Publication: Managed Healthcare Executive
Publish Date: April 22, 2016
By Craig Kasten
AUTHOR: CRAIG KASTEN, CEO and Managing Partner
At the Oracle OpenWorld conference in the fall of 2015, Oracle co-CEO Mark Hurd stated that most organizations are running on applications that are, on average, 20 years old. When it comes to health payers, that statement may be rather optimistic. The typical payer’s core applications are much more likely to be 30 years old or more.
Now think about how business and technology have changed since 1986. The PC was just beginning to bring the power of computers to non-enterprise sized organizations. Mosaic, the first web browser to include graphics (which would launch the commercial use of the Internet), wouldn’t be introduced for another seven years. Mobile phones, which were limited to making and receiving calls, were physically huge and so expensive they were generally available only by the very wealthy.
In short, those legacy systems implemented in 1986 (and developed even earlier than that) didn’t take into account that the typical health plan member would today be walking around with more computing power in his or her pocket than was used to land a man on the moon. These systems were not Internet-enabled, nor did they have the speed and flexibility demanded in today’s world.
While payers have worked to add those capabilities along the way, these later additions are merely bandages on top of a system that simply isn’t designed to do what the modern world demands.
Still, that’s not going to work much longer, as several factors are driving payers to make large-scale technology changes:
1. Member and provider expectations
Providers, and especially members, have been conditioned to expect a certain level of service and responsiveness, as well as a broad array of capabilities, from their online transactions in other industries. They expect the same from payers, but it is difficult to meet those expectations when the online interface and the back-office applications are two completely different technologies with one or more layers in-between.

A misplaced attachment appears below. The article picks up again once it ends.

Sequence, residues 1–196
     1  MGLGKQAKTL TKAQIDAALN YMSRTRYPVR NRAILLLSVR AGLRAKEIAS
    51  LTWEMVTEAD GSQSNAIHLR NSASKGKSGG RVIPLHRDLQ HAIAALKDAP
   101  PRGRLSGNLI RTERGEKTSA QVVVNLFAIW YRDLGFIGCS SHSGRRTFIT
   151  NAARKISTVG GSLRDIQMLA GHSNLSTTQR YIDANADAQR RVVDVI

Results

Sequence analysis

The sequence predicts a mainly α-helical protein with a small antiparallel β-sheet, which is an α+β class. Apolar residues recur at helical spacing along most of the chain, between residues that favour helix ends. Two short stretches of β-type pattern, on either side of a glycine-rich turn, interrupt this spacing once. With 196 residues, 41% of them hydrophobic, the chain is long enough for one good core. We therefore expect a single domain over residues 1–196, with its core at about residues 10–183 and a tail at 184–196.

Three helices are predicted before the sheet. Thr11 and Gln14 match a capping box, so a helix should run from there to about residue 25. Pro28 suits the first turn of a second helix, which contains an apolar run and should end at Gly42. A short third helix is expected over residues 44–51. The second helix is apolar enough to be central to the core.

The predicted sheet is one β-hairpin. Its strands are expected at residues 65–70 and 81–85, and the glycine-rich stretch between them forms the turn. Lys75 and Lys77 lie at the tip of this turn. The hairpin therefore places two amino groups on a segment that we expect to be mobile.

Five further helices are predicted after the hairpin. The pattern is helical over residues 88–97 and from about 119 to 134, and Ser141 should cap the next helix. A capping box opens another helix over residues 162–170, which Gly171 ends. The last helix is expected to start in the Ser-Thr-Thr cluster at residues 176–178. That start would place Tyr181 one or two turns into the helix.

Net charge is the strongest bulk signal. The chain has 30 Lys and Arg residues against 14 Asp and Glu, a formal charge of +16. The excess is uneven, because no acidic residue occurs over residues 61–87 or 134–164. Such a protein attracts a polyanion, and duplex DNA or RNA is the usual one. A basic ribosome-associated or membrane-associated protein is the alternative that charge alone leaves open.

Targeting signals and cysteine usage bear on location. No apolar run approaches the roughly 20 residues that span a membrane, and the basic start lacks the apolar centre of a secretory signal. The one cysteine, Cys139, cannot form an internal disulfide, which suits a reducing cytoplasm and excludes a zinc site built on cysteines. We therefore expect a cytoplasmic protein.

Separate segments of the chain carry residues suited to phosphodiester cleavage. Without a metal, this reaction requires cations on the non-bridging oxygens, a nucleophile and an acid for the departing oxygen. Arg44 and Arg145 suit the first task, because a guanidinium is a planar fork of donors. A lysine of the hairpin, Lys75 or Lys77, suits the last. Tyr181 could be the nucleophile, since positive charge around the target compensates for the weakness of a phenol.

Consumers in particular have little patience. If they go to a payer’s portal or website to inquire about benefit eligibility, for example, they won’t be satisfied if it takes more than about 20 seconds to get an answer.
The more layers a payer puts between the member or provider and the data they need, the longer it will take to receive an answer. Layers upon layers built into the technology interface also makes the system more expensive to maintain, preventing payers from investing in innovation. After all, more moving parts equals more headaches.
On the other hand, if the application is already designed to accommodate direct online access it can return answers instantly, keeping providers and members satisfied while eliminating the maintenance required for all the additional middleware.
2. Proliferation of mobile devices
The mobile experience a member has on your website is also key.